I live in a part of the country where off road parks are about as common as alligators. We don’t have either. When you need a place to give your 4×4 a workout in these parts, public lands managed by the U.S. Forest Service, Bureau of Land Management and State Parks are your available options.
However, the Southern part of the United States is dotted with a different outlet for 4×4 fun: off-road parks. These plots of private land have been turned into mud bogging, rock crawling, trail riding wonderlands by some very inventive country-style entrepreneurs.
Set-ups vary from park to park, but typically an entry fee grants individuals access to acres of land open to four wheeling. Some parks are strictly loaded with trails, while others feature a designated mud bog, rock crawling set-ups. Still, some allow camping and have designated tracks for motocross and quad racing.
And, call me crazy, but it sounds like a bargain! Most parks charge between $15-$40/vehicle and allow you to play for the entire day. But, ogling over all of these awesome Southern off road parks online made me wonder; which is better?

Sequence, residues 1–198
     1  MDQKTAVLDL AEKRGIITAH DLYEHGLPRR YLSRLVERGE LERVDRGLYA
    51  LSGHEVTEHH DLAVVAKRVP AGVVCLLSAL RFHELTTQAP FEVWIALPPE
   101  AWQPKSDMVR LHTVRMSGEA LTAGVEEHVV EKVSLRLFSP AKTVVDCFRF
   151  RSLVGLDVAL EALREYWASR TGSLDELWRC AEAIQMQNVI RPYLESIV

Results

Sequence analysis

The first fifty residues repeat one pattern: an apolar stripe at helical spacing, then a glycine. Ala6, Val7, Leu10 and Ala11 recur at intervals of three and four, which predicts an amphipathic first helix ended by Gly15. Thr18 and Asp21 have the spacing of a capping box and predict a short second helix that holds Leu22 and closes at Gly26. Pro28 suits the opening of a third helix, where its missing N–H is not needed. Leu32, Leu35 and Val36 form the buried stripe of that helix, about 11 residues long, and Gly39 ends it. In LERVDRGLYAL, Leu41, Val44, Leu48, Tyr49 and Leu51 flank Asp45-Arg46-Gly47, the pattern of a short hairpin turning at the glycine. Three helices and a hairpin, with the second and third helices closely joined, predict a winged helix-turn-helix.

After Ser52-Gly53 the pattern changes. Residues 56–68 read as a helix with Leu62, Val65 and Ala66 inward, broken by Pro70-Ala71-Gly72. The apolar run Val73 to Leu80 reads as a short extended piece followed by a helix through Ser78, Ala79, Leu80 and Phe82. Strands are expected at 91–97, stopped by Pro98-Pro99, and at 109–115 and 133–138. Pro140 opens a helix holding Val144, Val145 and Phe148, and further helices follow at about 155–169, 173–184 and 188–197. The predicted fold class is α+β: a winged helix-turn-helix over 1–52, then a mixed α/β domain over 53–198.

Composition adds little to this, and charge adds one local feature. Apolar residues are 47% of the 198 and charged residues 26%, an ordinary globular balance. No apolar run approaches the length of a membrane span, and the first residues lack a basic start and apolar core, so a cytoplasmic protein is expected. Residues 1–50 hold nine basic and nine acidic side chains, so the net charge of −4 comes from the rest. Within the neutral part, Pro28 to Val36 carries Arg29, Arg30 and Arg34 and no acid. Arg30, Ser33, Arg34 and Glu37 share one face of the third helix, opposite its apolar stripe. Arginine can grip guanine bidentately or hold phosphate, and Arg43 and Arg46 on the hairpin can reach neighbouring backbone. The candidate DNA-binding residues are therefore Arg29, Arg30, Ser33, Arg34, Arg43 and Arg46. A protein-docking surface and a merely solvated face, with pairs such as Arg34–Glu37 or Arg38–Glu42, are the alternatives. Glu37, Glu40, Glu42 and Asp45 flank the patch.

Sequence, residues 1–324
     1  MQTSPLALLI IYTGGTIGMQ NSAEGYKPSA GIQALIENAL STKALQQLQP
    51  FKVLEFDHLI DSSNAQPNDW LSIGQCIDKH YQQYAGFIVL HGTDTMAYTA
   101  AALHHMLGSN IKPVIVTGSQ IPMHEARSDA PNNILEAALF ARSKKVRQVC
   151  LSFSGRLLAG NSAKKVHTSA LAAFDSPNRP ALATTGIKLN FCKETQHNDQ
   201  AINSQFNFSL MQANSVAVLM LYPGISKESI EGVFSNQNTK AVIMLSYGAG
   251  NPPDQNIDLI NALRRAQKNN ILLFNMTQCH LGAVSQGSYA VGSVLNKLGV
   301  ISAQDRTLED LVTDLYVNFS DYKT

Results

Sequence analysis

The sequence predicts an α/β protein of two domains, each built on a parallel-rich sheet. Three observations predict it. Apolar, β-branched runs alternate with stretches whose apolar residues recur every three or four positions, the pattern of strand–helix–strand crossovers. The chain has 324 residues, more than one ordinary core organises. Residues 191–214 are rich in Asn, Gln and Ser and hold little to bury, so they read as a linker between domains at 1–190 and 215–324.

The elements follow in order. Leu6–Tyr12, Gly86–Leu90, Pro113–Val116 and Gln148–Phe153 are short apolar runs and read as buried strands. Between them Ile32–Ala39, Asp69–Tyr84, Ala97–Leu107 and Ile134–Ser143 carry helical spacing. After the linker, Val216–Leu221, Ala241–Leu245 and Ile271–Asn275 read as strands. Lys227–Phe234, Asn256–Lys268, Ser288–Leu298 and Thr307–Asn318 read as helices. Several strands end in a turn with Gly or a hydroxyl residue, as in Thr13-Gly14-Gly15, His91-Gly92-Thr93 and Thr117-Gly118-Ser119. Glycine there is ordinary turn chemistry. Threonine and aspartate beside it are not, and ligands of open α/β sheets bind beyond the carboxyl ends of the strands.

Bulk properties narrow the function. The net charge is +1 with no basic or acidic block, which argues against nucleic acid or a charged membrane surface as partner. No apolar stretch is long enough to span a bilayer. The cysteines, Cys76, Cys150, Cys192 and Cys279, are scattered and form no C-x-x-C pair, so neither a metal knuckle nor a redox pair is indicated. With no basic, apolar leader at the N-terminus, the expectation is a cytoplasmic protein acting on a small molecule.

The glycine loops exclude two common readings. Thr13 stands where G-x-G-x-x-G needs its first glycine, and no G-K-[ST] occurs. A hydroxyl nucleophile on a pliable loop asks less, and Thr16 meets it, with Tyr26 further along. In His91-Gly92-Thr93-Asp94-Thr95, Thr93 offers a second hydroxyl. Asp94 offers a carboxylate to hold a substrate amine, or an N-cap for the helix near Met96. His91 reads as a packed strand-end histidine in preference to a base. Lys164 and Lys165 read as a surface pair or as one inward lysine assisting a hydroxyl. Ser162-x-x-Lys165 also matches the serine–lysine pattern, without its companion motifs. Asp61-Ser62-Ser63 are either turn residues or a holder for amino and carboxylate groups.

Is four wheeling meant to be a sport that’s practiced off the beaten path? Is starting a trail from a marker on an off highway vehicle map handed out by the Forest Service more true to the adventuresome spirit of 4×4, or is playing in the mud, no matter where you do it, just as fun?
My love for four wheeling, be it in a truck or on a quad, was born from my love of the outdoors. The woods, old dirt roads and tall pines combined with the hum of a motor relax me. I like being the only people around for miles, and being genuinely shocked when you finally meet up with another group on the trail. Sure, my husband and I look at off road parks and think “Whoa! How cool would that be?” But it leaves me wondering if people who frequent off road parks look at the Rubicon within driving distance of my home and think me lucky.
No matter where you spend your time off-roading, whether within the confines of a privately owned park in the deep South, or on the trails of our public lands in the wild west, I think you’re doing it right. As with most things in life, the grass will typically look greener on the other side, but in the case of off-roading, it seems that mud is just as dirty – regardless of where you play in it.